BWW Reviews: The Alley Theatre's YOU CAN'T TAKE IT WITH YOU is Amusing, Spirited, and Relevant
When it comes to American Theatre from the 1930s, one of the leading writing duos was George S. Kaufman and Moss Hart. This pair is integral in the development of Modern American Theatre. They are often studied in survey courses that chart the progression of the art form, and most agree that together they wrote some of America's favorite comedies. Their hilarious and heartwarming 1936 play YOU CAN'T TAKE IT WITH YOU premiered at the Booth Theater on December 14, 1936 and ran for 837 performances. It also won the 1937 Pulitzer Prize for Drama. When it was adapted for film by Frank Capra and Robert Riskin in 1938, it won Oscars for Best Picture and Best Director. Now, in 2013, The Alley Theatre is reviving the classic and hysterical masterpiece about an eccentric family that is happily surviving the Great Depression. It's 1936, and their key to bliss is to embrace the love they have for one another, their hobbies, and to find ways to simply enjoy the life they've got.
Leaving last night's opening night performance of YOU CAN'T TAKE IT WITH YOU, my face was glowing. I look around and everyone was wearing a beaming smile. Also, some eyes were misty because of Grandpa's poignant and touching climatic discussion with Mr. Kirby. However, nothing could impede the sense of euphoria and mirth that had washed over the audience. Directing the production, Sanford Robbins skillfully coached his cast in delivery, making each joke land squarely to earn voluminous laughter. He also skillfully directed the beloved classic to ensure that its universal and seemingly timeless messages about what defines a happy family and how the path to happiness is just to tune the world out, embrace your individuality, find your own personal freedom, and live life are masterfully brought out. The importance and weightiness of the thematic elements are front and center in this production so that they aren't lost in the zany whirlwind of the eclectic family. Furthermore, with the recent threat of a government shutdown, several lines are surprisingly relevant for modern audiences such as:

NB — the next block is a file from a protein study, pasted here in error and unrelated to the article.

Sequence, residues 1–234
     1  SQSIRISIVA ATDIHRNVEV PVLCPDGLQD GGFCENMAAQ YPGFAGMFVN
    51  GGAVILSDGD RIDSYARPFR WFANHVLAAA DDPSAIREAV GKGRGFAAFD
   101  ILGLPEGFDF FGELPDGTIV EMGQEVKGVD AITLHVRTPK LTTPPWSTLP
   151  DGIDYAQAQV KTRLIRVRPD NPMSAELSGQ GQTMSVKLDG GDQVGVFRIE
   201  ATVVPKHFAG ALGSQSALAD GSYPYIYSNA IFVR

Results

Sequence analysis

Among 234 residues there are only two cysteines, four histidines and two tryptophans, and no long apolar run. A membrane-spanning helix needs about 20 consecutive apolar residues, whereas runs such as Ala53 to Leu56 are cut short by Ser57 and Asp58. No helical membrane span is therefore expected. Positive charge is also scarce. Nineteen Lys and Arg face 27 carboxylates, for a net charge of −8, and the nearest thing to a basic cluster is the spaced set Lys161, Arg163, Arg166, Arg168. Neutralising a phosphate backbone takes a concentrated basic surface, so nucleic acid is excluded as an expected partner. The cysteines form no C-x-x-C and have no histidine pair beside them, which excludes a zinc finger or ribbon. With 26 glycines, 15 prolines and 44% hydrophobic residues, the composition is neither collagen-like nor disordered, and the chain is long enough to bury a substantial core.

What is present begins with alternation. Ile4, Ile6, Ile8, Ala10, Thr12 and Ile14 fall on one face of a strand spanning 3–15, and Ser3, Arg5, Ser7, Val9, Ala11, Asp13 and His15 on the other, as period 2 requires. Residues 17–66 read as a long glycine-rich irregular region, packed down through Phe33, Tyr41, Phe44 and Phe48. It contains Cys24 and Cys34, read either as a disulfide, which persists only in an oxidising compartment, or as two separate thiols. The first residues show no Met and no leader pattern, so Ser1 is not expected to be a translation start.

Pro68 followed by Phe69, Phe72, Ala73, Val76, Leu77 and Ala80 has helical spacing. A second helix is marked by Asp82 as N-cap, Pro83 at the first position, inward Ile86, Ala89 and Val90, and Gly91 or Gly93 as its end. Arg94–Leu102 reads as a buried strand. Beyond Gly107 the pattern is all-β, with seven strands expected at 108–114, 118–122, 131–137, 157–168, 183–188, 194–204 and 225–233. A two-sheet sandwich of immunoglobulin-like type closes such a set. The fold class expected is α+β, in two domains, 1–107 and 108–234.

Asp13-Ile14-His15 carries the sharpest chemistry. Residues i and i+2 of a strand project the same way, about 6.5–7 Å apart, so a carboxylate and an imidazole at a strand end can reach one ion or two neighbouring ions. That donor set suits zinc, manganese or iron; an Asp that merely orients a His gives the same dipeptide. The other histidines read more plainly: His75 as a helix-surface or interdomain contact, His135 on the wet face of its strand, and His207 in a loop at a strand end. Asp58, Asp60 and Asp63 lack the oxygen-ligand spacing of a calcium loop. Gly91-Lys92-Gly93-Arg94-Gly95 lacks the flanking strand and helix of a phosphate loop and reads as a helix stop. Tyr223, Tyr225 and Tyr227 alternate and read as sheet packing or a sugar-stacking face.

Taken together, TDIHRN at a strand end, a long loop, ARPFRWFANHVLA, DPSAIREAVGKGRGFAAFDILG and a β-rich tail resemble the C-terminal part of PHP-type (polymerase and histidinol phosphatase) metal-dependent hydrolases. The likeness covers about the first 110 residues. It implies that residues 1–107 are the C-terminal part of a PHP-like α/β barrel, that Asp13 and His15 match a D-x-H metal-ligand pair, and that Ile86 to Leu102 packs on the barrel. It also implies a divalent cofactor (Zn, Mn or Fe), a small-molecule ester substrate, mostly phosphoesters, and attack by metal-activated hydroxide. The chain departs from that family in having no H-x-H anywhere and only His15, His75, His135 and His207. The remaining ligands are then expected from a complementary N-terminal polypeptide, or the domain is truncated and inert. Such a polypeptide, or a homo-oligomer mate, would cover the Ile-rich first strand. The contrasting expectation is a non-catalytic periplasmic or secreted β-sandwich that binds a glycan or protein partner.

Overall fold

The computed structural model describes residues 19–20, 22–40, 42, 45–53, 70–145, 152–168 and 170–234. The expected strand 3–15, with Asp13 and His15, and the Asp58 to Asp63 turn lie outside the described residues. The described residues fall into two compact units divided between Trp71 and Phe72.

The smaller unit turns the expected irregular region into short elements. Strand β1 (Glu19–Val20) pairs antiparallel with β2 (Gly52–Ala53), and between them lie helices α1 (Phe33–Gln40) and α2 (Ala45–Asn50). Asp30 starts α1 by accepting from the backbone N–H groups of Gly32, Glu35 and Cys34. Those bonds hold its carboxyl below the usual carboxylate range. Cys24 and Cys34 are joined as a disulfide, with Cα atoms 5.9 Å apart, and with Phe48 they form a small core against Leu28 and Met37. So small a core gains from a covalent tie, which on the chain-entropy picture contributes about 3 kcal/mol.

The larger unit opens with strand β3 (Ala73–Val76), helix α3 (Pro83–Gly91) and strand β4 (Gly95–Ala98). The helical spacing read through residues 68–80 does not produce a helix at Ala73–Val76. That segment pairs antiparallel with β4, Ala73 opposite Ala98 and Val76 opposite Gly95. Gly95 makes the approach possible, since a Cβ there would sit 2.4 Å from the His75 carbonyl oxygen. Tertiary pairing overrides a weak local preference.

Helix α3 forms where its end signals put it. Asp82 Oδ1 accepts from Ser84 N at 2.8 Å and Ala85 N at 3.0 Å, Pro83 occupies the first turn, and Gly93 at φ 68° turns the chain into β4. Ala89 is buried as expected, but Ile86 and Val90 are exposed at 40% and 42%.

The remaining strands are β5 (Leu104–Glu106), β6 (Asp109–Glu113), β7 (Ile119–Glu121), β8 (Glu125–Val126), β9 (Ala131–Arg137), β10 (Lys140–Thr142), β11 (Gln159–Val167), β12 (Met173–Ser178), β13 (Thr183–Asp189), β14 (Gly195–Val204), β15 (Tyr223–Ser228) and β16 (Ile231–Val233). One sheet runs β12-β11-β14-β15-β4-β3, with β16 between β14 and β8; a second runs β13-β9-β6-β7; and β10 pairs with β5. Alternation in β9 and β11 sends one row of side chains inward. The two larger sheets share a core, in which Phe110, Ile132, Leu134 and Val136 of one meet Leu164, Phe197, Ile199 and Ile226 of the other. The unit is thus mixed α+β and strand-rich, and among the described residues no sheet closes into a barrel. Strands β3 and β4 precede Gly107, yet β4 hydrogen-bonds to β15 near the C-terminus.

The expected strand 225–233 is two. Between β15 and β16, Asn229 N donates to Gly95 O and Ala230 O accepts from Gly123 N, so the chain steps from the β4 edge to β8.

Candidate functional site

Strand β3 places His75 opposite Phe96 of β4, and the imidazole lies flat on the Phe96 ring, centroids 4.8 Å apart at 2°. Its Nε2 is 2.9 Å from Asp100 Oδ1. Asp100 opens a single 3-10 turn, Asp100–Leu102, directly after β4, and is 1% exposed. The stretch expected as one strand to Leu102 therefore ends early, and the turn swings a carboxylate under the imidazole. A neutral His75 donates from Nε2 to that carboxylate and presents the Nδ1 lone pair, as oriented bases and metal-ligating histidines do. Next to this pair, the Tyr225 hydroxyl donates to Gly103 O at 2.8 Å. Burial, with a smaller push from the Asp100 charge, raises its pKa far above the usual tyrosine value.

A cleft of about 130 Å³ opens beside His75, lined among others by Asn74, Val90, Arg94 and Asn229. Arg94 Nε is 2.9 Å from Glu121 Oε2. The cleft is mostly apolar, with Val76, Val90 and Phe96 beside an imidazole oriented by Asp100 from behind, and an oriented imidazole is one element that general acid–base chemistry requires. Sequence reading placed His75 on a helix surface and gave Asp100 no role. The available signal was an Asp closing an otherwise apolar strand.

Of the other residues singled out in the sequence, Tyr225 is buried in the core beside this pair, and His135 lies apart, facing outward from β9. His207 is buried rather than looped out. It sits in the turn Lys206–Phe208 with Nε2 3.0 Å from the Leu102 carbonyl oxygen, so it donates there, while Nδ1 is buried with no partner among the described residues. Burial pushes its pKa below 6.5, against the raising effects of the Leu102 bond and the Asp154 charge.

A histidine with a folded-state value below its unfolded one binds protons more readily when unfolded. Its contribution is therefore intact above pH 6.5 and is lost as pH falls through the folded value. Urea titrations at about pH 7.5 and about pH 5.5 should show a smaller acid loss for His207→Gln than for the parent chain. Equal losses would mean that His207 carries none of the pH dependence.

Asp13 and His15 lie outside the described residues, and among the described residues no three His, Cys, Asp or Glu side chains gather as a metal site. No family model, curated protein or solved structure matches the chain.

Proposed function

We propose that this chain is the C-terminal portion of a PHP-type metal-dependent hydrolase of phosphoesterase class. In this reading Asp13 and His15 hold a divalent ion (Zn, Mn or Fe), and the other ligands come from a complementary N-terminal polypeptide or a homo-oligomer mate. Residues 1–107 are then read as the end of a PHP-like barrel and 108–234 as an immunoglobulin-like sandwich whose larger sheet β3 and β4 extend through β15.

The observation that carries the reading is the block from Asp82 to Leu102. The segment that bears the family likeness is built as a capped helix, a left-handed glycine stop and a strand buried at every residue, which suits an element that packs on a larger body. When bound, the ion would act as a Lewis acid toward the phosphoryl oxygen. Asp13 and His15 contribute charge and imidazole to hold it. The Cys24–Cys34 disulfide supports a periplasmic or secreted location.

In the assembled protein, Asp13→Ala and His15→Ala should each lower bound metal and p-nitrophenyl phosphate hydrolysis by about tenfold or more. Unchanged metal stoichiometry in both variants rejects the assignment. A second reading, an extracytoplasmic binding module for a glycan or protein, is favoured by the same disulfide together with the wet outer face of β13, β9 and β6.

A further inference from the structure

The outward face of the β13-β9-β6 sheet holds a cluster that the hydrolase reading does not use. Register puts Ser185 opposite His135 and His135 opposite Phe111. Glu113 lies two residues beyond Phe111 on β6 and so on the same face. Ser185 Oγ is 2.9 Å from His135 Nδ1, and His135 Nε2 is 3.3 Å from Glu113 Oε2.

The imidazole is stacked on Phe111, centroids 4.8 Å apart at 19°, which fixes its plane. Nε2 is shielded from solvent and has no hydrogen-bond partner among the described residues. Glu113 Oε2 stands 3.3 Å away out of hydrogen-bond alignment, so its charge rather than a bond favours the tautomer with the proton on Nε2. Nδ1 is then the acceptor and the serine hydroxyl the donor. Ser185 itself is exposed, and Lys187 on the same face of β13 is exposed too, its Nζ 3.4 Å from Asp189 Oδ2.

The production is well cast, and no one actor tries to steal the scene or the show. For a majority of the production, the cast works cohesively as an ensemble, keeping the funny bits light and merry so that when the show does get serious it is wonderfully affecting. Josie de Guzman's Penelope "Penny" Sycamore is sprightly and charming. Todd Waite's Paul Sycamore is like a little boy with a fanciful imagination. John Tyson's Boris Kolenkhov is a screwball cartoon of a Russian immigrant whose unpredictable behaviors leave the audience in stitches. Elizabeth Bunch's drunken Gay Wellington has a grand exit that earns thunderous applause and hearty guffaws. Jasmine Bracey and David Rainey as Rheba and Donald are delightful caricatures of working class African-Americans, and while some of their lines (especially out of context of the show) may rub our PC sentimentality the wrong way, last night's audience went with the flow and truly got swept away by their superb performances.
Tax Man: What about Congress, and the Supreme Court, and the President? We gotta pay them, don't we?
Grandpa: Not with my money.
Emily Neves' Alice and Jay Sullivan's Tony Kirby make an absolutely adorable couple. Their onstage chemistry is perfect, which makes the love the characters feel for one another intoxicating. Moreover, Emily Neves brings vivid life to Alice's insecurities and fears about her seemingly crazy family, providing the second act with the appropriate high stakes. Individually, they offer strong performances that fascinate, but together Emily Neves and Jay Sullivan are beguiling and warm the hearts of the audience. It would be impossible not to root for their characters to have the happily ever after they long for.